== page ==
Monday, January 4, 2010

Review: "The Legend of Zelda: Phantom Hourglass"

Considering that this is on the DS, and the first Zelda DS game at that, I expected a bunch of innovative gimmicks throughout the game. I wasn't really expecting anything really new; the Zelda series has always been using the same basic stuff: boomerangs, going from one dungeon to the next, maybe bombs, arrows, etc. The packaging is always different however, with an idea that stands out within each game.

For "Phantom Hourglass", it is actually a continuation from "Wind Waker" on the GameCube. You are Link and you are trying to save Tetra (who is actually Zelda who is either overly tanned or a nigger) from the clutches of Bellum. The game world is an archipelago, and you have to sail from island to island to unlock stuffs and gain more power and...stuffs.

Plot your routes and draw your maps!

One thing that made "Phantom Hourglass" and "Wind Waker" unique is 'sailing'. I don't think any other Zelda games have that. Don't worry, no more talking ships this time, just a really annoying person tagging along.

Straight off the bat, you can see the game making use of the DS technology. Maps at the top, using stylus to walk, enabling you to draw notes on your maps (very useful honestly), the way you execute the spin attack, drawing the path for your boomerang...the list just goes on.

But Phantom Hourglass focuses on sailing itself. To move your ship, you actually have to draw out the route for it to take on the map. From there it will obediently follow the lines you drew. Of course, you can choose to abort the path and draw another one. A novel idea, but it gets boring after awhile. Watching your ship getting from one place to another (with random monsters appearing occasionally) isn't exactly fun, but they get a thumbs up for trying to implement it.

The Phantom Hourglass! Top screen's map's pretty useful for dungeons.

Navel combat is pretty decent. Like "Wind Waker", there are still boss fights on the sea, though it's just simple point and click, or rather, touch. At the same time though, you have to keep your ship moving using the map, so I guess you are expected to actually alternate between both the map screen and the actual game screen.

So what does your ship actually shoot? Wait, your ship can shoot? Yes, this time, your ship comes equipped with a cannon. But not only that, you can upgrade it. In fact, you can upgrade and customize your entire ship. Traveling around the world will land you some ship parts which you can equip your ship with. A ship have 8 parts to customize with and having it equipped with a 'set' item gives it more health.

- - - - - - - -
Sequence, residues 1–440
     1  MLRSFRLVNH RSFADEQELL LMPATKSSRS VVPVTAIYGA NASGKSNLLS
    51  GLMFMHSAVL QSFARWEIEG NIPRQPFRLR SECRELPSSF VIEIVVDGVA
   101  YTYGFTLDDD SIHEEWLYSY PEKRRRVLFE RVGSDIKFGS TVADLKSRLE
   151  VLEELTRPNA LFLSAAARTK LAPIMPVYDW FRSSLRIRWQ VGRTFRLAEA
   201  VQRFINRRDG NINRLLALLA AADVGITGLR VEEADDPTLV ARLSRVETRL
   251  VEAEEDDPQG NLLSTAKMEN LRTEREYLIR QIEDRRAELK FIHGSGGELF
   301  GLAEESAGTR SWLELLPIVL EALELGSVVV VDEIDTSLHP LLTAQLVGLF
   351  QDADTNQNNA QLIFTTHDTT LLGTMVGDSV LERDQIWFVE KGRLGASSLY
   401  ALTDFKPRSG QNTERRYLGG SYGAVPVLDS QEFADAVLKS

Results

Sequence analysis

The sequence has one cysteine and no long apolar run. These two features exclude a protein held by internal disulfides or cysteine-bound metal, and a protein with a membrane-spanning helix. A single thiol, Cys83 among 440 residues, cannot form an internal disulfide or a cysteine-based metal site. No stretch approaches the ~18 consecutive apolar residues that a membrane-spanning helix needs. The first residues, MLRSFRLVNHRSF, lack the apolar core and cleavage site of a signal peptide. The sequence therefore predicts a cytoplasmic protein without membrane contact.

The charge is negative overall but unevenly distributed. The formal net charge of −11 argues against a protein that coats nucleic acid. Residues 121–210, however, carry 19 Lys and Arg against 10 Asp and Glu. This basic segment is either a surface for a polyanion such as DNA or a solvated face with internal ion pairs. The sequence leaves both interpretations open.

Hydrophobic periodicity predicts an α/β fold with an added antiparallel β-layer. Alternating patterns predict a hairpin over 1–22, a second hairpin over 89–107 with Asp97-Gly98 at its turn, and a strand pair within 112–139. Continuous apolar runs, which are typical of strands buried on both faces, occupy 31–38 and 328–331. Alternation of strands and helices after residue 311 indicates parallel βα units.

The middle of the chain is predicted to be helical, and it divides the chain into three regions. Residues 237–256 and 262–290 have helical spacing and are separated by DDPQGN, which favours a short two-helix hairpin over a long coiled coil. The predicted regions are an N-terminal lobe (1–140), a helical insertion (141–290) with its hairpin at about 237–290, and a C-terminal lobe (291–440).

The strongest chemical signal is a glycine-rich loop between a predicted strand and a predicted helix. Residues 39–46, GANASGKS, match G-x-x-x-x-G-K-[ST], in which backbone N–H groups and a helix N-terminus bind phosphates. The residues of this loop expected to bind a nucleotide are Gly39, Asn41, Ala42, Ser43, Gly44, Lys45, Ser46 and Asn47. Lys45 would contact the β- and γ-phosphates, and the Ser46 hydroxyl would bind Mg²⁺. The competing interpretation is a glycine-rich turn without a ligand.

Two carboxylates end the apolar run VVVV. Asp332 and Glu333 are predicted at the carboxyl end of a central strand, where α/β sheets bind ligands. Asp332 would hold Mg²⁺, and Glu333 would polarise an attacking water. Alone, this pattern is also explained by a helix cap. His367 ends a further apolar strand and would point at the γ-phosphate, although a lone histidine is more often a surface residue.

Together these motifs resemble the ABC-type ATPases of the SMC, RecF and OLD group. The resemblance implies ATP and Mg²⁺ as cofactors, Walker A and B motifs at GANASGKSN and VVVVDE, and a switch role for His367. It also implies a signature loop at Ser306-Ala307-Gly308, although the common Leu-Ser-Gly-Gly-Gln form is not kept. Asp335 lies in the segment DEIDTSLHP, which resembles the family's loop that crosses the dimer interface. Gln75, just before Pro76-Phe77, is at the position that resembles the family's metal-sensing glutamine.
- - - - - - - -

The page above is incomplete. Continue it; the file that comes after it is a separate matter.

For more on ship parts, here's a pretty in depth guide.

Kids' don't ever try this at home -_-;

So what does "Phantom Hourglass" mean? As you travel through the world, every boss fight will 'fill up' your 'phantom hourglass', which is essentially a magical hourglass that lets you survive in the last dungeon. To prevent disappointment (for those who already starting thinking too much), this idea actually causes the last dungeon to be much more interesting because your terrain becomes your enemy. However, as a small spoiler, you are required to enter this dungeon several times throughout our journey so you are forced to redo some parts of it.

Also, in this dungeon, there are Phantoms, monsters that are literally invincible and will chase you down until you reach a safe point (marked my the terrain) or it catches you. As opposed to previous Zelda games where you are mostly forced to beat the shit out of your enemies, these Phantoms requires you to 'stealth' through the dungeon (you get to see their triangular field of vision).

What's a sailing game without fishing?

All in all, 'Phantom Hourglass' was a fun runthrough. The new controls are easy to handle and the whole feel is rather intuitive. Despite it using the old Zelda formula, its repackaging really causes it to stand out among the rest of the Zelda games. There are still many little things I haven't mentioned in this review,

There is also a multiplayer mode where you play some pacman-like game where one player controls Link and the rest controls the Phantoms, armored monsters that Link can't defeat without certain help. Unfortunately, not many people around me own DS or this game for me to actually try it out.

To me, I think this game is a must-try for all DS owners.


NeetGeek score: 8.5/10

No comments:

Post a Comment